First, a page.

Correctional nurses regularly make decisions about the need for emergency treatment of dental conditions. These decisions come as a part of dealing with a sick call request or a ‘man down’ in the facility. What are some key findings that indicate a need for emergency dental treatment?
Breathing and Swallowing
Emergency evaluation starts with the ABC’s (Airway-Breathing-Circulation). Dental conditions affect the ability to breathe and swallow. These are two immediate concerns in evaluating any dental condition. Ability to breathe and swallow is affected by infection, traumatic injury, persistent bleeding in the oral cavity, or swelling. Impairment of breathing or swallowing needs immediate emergency treatment.
Tooth pain is probably the most frequent dental condition correctional nurses evaluate. Nurses must make an assessment to determine if the pain requires immediate attention or can wait for the next dental opening. A proper dental pain assessment includes the following components:
- Assess the pain using the pain scale (1 -10)
- Determine what incites the pain: thermal sensitivity (cold vs hot), biting pressure, constant pain, recent dental procedure.
- Have the patient describe the pain: continuous, intermittent, transient
- Have the patient locate the pain by pointing to the tooth or area of the mouth. Sometimes the pain can be referred by an adjacent tooth or come from the opposite arch.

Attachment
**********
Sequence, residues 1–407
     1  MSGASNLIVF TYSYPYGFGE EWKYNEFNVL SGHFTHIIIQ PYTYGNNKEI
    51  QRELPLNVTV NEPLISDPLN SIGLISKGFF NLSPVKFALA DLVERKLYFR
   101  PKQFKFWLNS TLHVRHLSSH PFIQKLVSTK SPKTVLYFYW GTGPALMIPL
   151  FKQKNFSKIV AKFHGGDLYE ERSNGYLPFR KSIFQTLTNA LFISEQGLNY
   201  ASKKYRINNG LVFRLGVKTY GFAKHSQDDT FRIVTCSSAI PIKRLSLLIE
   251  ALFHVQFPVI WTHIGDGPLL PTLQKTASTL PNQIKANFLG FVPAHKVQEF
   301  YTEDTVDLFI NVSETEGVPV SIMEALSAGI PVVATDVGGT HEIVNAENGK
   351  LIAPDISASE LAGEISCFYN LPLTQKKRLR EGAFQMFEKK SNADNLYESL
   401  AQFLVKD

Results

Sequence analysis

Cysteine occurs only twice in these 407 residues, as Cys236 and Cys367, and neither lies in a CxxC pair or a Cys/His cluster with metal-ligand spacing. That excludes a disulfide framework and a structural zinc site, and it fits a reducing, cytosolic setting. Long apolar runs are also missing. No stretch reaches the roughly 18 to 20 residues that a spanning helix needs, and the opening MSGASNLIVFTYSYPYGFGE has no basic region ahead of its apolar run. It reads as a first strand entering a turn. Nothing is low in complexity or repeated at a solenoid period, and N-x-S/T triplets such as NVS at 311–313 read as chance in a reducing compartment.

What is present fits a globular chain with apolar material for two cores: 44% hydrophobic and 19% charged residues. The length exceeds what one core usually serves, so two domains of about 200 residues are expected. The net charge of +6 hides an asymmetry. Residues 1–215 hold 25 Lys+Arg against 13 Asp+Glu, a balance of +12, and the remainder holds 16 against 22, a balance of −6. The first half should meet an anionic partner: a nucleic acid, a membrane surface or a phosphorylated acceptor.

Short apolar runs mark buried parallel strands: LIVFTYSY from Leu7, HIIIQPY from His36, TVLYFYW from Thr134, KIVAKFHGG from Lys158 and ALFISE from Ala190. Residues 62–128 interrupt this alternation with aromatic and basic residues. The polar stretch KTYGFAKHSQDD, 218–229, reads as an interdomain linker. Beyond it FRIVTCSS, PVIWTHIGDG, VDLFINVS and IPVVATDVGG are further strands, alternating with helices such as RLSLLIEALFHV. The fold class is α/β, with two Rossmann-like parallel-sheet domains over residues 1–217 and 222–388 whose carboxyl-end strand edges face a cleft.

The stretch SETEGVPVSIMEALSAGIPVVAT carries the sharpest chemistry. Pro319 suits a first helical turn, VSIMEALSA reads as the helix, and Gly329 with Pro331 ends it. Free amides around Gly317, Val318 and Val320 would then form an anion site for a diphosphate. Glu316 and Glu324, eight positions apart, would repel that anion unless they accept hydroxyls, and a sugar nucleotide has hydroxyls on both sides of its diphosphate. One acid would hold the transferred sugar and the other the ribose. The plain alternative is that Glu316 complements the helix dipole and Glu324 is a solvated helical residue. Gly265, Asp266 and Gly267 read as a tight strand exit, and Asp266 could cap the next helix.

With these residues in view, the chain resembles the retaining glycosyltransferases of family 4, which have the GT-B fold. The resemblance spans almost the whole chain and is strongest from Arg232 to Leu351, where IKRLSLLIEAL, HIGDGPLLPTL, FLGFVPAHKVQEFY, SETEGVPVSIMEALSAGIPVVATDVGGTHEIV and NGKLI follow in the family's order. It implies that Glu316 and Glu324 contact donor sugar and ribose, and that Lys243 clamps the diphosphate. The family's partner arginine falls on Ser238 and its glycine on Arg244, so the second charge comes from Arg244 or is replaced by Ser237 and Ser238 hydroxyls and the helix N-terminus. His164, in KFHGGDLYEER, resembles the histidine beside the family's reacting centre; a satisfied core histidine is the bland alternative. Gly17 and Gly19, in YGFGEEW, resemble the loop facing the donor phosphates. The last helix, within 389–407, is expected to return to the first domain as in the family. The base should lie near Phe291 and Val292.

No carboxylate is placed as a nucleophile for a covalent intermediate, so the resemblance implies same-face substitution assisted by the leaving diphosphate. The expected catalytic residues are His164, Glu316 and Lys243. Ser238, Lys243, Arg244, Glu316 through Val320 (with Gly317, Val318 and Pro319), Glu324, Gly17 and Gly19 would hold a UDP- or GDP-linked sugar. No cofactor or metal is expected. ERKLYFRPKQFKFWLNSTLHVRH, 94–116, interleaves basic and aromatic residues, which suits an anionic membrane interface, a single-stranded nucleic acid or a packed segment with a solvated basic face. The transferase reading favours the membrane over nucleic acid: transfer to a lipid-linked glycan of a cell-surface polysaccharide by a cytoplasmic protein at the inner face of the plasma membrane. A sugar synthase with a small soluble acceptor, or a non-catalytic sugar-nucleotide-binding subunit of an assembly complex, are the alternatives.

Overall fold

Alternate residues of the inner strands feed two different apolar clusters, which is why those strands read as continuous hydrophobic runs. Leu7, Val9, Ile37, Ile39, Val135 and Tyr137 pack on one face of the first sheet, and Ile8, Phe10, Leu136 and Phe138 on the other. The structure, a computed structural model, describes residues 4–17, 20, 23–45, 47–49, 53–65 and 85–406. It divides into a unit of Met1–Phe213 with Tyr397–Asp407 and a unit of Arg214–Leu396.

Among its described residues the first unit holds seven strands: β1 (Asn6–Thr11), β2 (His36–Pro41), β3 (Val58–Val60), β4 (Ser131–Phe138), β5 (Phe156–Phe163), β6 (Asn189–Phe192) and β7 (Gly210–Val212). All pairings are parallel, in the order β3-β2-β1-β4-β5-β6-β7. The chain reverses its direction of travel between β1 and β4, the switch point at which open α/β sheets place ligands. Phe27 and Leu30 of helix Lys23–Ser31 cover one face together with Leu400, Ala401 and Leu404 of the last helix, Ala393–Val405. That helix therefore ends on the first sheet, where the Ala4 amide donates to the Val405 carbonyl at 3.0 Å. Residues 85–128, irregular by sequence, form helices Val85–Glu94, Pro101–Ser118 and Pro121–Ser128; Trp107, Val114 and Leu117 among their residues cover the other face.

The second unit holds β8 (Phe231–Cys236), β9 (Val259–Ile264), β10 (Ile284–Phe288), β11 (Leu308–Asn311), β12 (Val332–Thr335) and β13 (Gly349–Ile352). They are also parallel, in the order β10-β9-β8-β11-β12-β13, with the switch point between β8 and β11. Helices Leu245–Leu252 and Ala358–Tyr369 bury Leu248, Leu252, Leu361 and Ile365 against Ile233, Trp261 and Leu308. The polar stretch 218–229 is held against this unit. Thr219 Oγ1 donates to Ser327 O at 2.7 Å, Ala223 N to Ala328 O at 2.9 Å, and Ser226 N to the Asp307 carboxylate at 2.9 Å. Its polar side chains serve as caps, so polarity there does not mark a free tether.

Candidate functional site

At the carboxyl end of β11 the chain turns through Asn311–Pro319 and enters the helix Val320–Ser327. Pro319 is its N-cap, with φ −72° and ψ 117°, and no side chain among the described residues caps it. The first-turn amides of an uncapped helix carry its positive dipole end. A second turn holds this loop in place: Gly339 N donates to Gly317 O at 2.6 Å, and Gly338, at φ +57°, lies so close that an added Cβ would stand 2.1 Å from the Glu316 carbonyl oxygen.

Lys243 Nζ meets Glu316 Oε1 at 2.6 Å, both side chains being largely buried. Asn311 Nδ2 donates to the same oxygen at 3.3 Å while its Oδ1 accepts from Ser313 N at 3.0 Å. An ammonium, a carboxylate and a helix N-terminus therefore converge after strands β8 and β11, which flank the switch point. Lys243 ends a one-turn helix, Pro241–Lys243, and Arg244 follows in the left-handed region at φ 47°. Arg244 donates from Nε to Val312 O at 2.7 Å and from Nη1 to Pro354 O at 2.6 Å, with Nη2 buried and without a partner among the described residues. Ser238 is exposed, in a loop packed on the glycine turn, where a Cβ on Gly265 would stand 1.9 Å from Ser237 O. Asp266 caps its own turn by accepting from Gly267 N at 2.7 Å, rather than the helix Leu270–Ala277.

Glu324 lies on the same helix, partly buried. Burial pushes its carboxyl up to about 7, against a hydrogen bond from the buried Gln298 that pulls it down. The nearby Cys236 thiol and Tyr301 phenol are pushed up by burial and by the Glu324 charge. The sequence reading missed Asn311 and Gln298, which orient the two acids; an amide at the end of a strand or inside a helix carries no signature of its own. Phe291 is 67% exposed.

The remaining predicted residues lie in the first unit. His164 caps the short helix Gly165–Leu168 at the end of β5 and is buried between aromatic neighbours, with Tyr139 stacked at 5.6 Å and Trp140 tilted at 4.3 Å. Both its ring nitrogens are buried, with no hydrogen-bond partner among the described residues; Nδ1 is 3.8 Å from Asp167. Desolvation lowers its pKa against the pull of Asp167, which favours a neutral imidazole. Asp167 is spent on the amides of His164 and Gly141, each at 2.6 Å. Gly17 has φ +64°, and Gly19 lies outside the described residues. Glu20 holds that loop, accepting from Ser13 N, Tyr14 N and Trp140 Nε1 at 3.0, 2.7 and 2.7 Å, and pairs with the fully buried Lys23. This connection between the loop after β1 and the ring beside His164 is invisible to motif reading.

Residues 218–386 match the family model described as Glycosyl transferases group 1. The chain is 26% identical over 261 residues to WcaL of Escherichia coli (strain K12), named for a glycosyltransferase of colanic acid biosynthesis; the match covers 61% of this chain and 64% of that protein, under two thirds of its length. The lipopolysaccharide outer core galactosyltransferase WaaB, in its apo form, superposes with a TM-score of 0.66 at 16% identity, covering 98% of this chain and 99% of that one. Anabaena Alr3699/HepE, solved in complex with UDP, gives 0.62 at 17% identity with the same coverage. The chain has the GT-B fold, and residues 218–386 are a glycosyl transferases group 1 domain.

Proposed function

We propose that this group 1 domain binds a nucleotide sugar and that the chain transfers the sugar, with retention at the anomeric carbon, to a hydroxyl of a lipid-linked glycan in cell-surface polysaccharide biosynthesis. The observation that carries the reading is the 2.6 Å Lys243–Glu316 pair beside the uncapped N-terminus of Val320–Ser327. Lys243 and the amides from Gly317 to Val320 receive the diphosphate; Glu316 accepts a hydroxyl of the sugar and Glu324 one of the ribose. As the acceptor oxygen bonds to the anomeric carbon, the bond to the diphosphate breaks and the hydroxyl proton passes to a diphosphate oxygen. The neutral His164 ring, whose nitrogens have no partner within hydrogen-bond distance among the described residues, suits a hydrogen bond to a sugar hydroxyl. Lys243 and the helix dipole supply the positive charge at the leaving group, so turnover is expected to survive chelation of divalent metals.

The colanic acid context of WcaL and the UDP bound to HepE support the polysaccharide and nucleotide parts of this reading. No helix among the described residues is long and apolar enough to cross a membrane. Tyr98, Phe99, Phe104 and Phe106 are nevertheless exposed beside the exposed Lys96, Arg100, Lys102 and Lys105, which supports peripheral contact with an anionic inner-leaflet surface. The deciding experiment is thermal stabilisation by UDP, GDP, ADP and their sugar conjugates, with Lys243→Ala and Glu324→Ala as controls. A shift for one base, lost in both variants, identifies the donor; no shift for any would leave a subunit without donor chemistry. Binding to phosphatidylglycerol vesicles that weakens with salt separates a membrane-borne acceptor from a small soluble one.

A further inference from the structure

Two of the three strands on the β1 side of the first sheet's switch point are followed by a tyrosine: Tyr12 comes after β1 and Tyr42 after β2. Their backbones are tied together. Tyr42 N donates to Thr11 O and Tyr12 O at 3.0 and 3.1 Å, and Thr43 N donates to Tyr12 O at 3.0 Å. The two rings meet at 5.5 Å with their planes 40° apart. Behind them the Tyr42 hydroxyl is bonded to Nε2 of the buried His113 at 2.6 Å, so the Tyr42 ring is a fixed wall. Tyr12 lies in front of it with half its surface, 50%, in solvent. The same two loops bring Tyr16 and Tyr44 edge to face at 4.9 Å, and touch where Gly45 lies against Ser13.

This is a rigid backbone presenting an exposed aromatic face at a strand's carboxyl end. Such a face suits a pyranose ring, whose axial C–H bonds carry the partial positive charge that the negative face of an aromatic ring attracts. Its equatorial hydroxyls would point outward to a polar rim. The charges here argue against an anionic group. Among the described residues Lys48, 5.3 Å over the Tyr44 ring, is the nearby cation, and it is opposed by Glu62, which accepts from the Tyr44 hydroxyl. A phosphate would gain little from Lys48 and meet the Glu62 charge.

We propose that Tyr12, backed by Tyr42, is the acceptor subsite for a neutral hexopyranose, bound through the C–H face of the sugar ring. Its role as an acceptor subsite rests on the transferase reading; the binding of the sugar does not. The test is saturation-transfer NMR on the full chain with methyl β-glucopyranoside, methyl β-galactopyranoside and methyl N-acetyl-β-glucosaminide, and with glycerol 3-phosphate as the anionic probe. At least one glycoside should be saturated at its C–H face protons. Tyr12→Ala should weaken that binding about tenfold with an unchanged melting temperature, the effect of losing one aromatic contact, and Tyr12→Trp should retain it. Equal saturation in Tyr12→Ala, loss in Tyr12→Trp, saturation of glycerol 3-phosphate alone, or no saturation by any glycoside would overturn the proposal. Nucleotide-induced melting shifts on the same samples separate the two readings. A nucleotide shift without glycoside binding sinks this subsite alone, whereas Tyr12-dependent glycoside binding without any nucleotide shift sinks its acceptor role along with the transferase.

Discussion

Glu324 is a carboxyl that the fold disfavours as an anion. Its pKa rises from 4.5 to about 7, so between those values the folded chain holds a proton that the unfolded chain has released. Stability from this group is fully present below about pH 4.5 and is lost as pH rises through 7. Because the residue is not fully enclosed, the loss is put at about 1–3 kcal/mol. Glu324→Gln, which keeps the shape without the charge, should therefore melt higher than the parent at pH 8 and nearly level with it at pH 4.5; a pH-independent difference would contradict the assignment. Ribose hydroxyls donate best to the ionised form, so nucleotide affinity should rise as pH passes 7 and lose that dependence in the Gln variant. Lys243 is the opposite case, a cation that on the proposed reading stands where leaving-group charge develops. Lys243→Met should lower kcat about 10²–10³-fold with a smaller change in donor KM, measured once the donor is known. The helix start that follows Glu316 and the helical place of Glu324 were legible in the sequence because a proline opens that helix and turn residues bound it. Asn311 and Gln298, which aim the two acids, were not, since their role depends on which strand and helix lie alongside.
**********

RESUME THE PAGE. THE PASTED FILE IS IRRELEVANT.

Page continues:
- Check the tissue for swelling. Check to see if the tooth is fractured. This helps to determine if the pain is from the soft tissue or from the tooth itself.
Often the overall condition of the patient can indicate the intensity of the pain and the level of treatment need. Obviously a toothache that has kept a patient up all night due to unremitting pain needs to be seen by the dentist immediately. Patients that are having intermittent pain or occasionally occurring pain can usually be given pain meds and appointed to the dental office at the next available opening.
Severe infections, like severe pain, will affect the entire patient. Vital signs and general appearance will be altered. If the patient has facial swelling, a pulse greater than 100 and a temperature over 101 F, they need to see a dentist immediately. This may indicate a systemic infection or cellulitis that requires aggressive antibiotic treatment.
Indications of a milder mouth infection can be treated with over-the-counter pain medication and be scheduled for a dental or medical staff appointment in the next 24 hours. Mild infection presents as localized swelling and a fever of less than 101 F. Supportive care such as a soft diet and heat application may also help.
Have you had to deal with a challenging dental emergency? Share your experiences in the comments section of this post.
Read more about dental issues for correctional nurses in Chapter 7: Dental Conditions from Essentials of Correctional Nursing. Order your copy directly from the publisher. http://www.springerpub.com/product/9780826109514#.UDqoiNZlQf4
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